Is the legal malpractice suit over now? That depends on whether Teresa is able to find another attorney to take on the case. But for today, it looks like a win for Mr. KridelTeresa could attempt to file in another jurisdiction or again in New York. Since this case was discontinued without prejudice, it means the court closes the case but will allow other suits to be filed on the same claim (if the statute of limitations has not run out). In New York, the statute of limitations for legal malpractice cases is three years from the date of malpractice. See also: Teresa Giudice’s Erroneous Lawsuit Against James Kridel: Evidence Teresa LIED In New Lawsuit

A plaintiff is not subsequently barred from suing the same defendant on the same cause of action when a court grants a dismissal without prejudice of his or her case. Such a dismissal operates to terminate the case. It is not, however, a final disposition of the controversy on the merits. It effectively treats the matter as if the lawsuit had never been commenced, but it does not relieve a plaintiff of the duty of complying with the statute of limitations, the time limit within which his or her action must be commenced.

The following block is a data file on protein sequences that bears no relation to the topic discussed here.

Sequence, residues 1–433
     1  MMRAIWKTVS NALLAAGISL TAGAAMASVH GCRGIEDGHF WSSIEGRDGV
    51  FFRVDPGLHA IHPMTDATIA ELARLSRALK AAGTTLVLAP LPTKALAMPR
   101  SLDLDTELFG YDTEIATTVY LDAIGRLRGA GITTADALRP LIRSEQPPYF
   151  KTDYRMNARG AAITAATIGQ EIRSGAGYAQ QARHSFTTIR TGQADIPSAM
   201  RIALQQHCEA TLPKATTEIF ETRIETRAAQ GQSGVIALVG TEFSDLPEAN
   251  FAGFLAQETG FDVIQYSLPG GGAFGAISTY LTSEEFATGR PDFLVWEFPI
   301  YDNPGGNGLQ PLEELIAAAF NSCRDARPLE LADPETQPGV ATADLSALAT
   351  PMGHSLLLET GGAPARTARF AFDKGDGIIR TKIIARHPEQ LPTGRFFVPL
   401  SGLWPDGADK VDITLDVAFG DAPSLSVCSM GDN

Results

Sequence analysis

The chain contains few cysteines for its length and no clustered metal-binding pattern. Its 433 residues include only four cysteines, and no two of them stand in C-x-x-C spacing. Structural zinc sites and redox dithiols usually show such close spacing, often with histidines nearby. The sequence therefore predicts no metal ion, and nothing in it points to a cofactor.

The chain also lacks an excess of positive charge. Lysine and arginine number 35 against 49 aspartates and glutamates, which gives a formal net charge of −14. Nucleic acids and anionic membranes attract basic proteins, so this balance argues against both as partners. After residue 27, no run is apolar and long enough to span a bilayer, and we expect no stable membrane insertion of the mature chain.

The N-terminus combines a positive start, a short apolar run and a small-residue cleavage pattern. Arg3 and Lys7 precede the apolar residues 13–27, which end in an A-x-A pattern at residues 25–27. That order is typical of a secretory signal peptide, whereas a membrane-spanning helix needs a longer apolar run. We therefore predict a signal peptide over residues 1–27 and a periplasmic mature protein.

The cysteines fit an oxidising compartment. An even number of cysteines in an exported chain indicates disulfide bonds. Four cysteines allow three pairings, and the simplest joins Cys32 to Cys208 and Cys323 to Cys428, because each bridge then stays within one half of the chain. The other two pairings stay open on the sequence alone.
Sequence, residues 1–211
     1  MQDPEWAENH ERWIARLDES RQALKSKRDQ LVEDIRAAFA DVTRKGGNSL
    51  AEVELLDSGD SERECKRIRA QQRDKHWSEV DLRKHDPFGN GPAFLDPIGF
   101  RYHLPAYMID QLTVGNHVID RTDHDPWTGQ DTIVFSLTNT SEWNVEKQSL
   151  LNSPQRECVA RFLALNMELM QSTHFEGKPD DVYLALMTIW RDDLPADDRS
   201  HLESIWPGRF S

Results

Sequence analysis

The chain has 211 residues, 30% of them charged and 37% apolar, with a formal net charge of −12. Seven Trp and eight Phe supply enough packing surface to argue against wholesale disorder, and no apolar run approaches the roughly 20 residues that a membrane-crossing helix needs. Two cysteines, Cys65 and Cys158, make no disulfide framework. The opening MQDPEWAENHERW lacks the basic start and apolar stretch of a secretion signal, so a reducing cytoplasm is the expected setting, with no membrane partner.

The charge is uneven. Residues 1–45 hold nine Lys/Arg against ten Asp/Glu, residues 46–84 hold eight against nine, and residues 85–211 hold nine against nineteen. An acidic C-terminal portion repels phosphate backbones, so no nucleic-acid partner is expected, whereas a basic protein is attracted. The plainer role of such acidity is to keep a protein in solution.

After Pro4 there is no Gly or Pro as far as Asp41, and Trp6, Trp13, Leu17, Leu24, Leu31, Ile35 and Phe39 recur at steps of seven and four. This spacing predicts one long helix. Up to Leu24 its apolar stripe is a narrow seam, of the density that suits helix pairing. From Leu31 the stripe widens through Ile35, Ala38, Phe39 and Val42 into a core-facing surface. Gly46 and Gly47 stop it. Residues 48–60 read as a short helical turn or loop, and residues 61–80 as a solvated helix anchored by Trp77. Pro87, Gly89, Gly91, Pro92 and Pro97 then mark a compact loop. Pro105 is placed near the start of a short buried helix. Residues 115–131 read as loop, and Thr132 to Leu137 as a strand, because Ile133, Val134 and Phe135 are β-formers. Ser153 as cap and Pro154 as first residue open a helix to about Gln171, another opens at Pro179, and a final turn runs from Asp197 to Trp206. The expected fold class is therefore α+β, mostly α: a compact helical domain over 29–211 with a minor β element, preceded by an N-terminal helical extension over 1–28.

Note that if an action on the same cause in any court, state or federal, has previously been discontinued by any method at all, a discontinuance by notice in the second suit will automatically operate as a final judgment on the merits against the discontinuer (Teresa). It is only when the second suit is discontinued by notice that this result occurs; a discontinuance by stipulation or order will not be an automatic adjudication on the merits.